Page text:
I had to maintain a house.

After vanishing completely off the face of the planet for four weeks, Ben had magically reappeared with a new girlfriend who was so in-LUV that she was willing to let him crawl into her life like a hermit crab. She was footing all the bills. And Ben had decided to take me to court for custody of Robin. Now that he had a girlfriend that could afford Robin’s standard of living.

This could have been a joke.

Except that it wasn’t.

There was no fucking way I was gonna let Ben have custody of Robin.

Because I was determined that Robin was gonna graduate from high school, and I didn’t trust Ben to see that through.

So, I took Ben to mediation and I won. Lucky me! A surly teenager! All mine except for visitation.

I snagged a horrible minimum wage job that paid $850 a month.

And the rent on the Cement Bungalow was $650 a month.

Yes, yes, yes – I certainly had the qualifications and the resume to snag a better job although at that point in time, I was so broken in mind and spirit that I think any interviewer would have called Security to have me forcibly ejected from his/her office after the first round of questions. (And what do you think you have to contribute to [Corporate Name Goes Here]?)

Everything I owned on the planet was in storage in Monterey.

And storage costs money – which eventually, after I used up my small savings, I could no longer pay.

The role that storage facilities play in homelessness is one of the scenarios discussed at some length in Evicted.

Long story short – my friend Susan (Max’s godmother) who owns a lot of real estate in West Oakland told me she would take my stuff and store it for me in the basement of one of the properties she owned.

Except that she didn’t.

She and her husband Jeff (whom I do not like), and Marybeth and her husband Kim (the perps in the photo above) and Max went through the stuff, loaded up a small part of it. Max put that small part in storage in San Francisco where it remains to this day.

The rest got auctioned off. I assume.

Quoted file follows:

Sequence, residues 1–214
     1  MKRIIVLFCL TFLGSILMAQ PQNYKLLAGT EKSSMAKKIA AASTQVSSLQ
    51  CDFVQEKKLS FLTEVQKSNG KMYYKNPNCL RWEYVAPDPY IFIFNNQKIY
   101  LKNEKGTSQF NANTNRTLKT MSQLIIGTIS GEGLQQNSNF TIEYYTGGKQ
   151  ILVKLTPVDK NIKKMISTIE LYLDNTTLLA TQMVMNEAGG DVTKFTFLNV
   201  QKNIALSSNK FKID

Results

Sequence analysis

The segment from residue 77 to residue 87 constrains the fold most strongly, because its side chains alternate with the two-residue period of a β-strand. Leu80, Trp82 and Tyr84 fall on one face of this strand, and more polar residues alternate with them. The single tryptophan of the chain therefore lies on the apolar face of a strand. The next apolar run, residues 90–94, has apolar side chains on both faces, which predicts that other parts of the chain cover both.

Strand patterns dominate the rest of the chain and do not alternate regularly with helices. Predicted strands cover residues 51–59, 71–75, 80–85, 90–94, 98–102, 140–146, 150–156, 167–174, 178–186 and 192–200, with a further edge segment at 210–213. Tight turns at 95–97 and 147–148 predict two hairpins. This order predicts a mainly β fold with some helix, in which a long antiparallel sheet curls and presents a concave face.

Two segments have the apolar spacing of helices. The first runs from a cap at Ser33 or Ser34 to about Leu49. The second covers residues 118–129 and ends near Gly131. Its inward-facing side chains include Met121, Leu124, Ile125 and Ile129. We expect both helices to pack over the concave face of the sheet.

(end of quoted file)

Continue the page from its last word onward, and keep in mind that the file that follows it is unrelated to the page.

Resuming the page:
I could just imagine their conversation while they were doing it –

“Poor Patty! Why did she ever start that business in the first place? I could have told her it was doomed to failure –“

“It’s not that she’s stupid. She’s smart. But she’s got no common sense –“

“And what the hell is this? Why did she put this into storage? Why didn’t she just get rid of it?”

"Why didn't she have a rainy day fund?"

Etcetera, ad nauseam.

Oh, I tortured myself pretending to be a fly on that wall.

The utter humiliation of it. The shame.

Sort of as though your closest friends had all of a sudden decided to conduct a colonoscopy on you. For kicks.

There was really nothing I could do. I didn’t have any money.

Money is really the only thing that protects you. Don't have it? Better convince yourself that you like the feeling of free fall.

Susan and Marybeth were actually doing me a favor.

I knew that.

And yet I felt so betrayed.

Reading Evicted was very healing because it made me realize that this horrifying experience that had shamed me to my very marrow wasn’t unique but evidence of a pattern of systemic societal failure. In my case, when a bunch of Wall Street bankers decided to get rich by loaning money to people who didn’t have any and selling that debt – bam! Twenty percent of the American economy had to be surgically amputated. I was part of that 20%.

The families described in Evicted just had the misfortune to be born poor.

Don’t kid yourself: There’s plenty of bank to be made exploiting the poor.

###

Anyway, I have made it up into the middle class again. By dint of a lot of hard work.

But I will never speak to either Susan or Marybeth again.

Never.

Max tells me they are somewhat mystified by this.

Fuck ‘em.

Seeing that photo of Marybeth and Kim did make me cry, though.